“A trade war is taking a heavy toll on Colorado farmers who export more than $2 billion in products each year…[which] comes as the agriculture industry already struggles with drought, a labor shortage and soft commodity prices.”
“The humid air mass coming from Ontario has anchored itself over Southern Quebec, according to a heat warning issued by Environment Canada, and is expected to last another four days. Sunday’s temperatures, with humidex, reached more than 45 C in Montreal and Monday’s are forecast to go up to 44.”
“Scotland has recorded its hottest ever temperature, according to provisional figures from the Met Office. On Thursday 28 June, a temperature of 33.2C degrees was measured in Motherwell, North Lanarkshire. It exceeds the 32.9C recorded in August 2003, at Greycrook in the Borders.”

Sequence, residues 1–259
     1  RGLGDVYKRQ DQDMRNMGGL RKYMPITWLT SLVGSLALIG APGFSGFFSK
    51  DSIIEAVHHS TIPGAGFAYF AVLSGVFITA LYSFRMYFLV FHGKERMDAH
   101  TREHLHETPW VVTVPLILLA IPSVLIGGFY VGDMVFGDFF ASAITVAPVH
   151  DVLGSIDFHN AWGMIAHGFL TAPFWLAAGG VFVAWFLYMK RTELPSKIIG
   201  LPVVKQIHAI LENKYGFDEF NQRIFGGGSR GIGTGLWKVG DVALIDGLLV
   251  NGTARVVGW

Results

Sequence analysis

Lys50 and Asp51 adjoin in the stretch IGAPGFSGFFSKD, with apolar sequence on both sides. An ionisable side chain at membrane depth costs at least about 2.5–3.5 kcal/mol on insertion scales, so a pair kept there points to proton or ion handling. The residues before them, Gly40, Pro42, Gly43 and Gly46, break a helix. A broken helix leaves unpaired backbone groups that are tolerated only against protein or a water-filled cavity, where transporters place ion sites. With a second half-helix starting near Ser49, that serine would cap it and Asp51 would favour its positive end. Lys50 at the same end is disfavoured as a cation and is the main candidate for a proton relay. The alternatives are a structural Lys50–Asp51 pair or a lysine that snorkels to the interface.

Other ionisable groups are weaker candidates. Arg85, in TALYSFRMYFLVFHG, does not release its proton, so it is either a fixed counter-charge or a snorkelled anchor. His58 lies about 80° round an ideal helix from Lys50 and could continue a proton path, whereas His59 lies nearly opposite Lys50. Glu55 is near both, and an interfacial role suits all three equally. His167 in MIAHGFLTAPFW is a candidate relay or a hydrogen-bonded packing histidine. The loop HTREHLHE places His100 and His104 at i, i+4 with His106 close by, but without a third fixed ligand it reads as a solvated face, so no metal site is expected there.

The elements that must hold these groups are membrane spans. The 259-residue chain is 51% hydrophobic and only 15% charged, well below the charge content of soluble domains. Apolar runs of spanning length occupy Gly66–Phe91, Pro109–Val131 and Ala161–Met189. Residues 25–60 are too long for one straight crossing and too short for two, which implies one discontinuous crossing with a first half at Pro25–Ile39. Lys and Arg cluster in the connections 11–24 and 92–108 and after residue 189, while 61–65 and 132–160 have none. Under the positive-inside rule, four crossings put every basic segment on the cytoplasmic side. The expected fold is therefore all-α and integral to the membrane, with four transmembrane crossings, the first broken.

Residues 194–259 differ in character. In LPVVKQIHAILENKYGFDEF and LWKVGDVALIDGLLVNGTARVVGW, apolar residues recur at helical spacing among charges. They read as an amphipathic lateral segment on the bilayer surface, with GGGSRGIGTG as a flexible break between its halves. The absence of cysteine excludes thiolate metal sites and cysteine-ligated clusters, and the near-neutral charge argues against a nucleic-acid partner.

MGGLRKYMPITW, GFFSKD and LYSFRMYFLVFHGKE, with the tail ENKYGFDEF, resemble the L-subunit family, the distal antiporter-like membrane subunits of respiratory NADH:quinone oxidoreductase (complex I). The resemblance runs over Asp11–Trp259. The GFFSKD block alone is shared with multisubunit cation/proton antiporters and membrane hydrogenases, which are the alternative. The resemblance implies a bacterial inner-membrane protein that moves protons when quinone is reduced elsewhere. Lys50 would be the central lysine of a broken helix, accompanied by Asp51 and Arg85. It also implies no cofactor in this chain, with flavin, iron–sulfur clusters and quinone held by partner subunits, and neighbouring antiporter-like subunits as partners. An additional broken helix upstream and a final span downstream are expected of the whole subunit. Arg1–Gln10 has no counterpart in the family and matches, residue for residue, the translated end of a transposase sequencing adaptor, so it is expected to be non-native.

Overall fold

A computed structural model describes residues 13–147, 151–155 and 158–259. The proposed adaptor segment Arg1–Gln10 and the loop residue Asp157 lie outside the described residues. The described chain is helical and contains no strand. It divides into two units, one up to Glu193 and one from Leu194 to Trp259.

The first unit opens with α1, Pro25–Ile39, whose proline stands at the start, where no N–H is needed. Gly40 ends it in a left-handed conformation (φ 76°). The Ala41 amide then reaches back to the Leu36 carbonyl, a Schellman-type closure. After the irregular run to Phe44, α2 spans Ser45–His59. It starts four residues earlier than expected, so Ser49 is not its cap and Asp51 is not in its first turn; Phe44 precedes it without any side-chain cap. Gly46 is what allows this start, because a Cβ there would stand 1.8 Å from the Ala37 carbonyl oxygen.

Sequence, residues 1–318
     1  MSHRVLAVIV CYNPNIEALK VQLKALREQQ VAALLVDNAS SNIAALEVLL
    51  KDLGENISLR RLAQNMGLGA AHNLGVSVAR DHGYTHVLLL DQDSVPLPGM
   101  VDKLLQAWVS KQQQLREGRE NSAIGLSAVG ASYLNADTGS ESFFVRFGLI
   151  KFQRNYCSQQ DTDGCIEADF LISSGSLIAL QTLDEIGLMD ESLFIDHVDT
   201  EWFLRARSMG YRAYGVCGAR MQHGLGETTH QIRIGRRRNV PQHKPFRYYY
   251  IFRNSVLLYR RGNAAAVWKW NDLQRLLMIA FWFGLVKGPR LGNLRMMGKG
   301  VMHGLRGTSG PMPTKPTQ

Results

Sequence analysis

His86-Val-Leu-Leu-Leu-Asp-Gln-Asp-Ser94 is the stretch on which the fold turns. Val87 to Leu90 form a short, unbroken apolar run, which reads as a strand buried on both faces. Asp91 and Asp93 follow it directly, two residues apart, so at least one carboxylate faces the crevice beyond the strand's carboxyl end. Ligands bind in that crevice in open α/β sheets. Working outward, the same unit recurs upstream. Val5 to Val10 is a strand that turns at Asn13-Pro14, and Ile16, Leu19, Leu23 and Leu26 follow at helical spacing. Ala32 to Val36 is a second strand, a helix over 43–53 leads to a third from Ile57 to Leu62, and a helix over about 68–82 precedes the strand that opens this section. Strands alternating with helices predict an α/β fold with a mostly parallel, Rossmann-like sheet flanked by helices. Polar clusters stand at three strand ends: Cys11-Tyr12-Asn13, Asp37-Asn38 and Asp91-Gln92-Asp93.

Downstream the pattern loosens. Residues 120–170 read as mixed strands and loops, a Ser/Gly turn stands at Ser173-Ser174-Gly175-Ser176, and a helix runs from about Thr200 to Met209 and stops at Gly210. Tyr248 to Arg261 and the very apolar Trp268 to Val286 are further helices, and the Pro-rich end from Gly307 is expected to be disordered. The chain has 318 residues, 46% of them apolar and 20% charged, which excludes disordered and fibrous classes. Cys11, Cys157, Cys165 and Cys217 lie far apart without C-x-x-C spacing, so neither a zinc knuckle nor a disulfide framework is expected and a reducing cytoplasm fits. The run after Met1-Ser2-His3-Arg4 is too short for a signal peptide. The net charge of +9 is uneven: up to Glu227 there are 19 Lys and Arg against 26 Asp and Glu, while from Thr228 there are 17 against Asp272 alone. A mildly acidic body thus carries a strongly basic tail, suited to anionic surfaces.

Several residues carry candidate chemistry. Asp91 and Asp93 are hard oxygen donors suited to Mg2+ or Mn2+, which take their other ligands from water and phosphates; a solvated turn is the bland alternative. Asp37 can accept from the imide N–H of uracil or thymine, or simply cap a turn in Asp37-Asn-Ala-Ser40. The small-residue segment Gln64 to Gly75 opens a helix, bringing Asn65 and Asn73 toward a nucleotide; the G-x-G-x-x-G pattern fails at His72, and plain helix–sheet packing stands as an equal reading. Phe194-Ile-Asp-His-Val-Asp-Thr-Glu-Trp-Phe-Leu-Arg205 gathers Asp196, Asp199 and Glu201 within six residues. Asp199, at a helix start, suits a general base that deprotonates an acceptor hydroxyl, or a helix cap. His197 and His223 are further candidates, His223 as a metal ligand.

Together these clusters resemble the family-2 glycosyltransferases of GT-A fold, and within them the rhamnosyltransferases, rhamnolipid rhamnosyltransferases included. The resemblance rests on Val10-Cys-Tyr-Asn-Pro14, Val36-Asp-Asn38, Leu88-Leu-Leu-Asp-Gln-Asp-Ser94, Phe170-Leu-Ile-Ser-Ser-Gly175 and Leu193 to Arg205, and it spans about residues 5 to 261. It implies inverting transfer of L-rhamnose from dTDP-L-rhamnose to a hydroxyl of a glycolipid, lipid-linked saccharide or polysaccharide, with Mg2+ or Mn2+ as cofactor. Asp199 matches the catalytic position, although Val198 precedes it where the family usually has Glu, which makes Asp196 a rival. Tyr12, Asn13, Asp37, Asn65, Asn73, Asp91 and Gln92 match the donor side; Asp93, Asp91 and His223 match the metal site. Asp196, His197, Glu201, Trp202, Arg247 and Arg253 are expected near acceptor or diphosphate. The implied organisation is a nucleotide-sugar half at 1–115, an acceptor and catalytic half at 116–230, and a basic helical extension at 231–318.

“Parts of southern England experienced the driest June on record last month, with just 6 per cent of expected rainfall – while it was the hottest June on record for Northern Ireland and Wales, the Met Office revealed today.”
“Hot weather continues to spread across Azerbaijan. The country’s capital city is experiencing its hottest weather in over 120 years.
“Temperature in Baku reached +43-44 ˚C on July 1, according to the Ministry of Ecology and Natural Resources. An abnormal heat is expected in the capital and Absheron peninsula on July 3-4.
“Head of a department at the Ministry of Ecology and Natural Resources Umayra Tagiyeva said earlier that one of the indicators of climate change is the anomalous summer.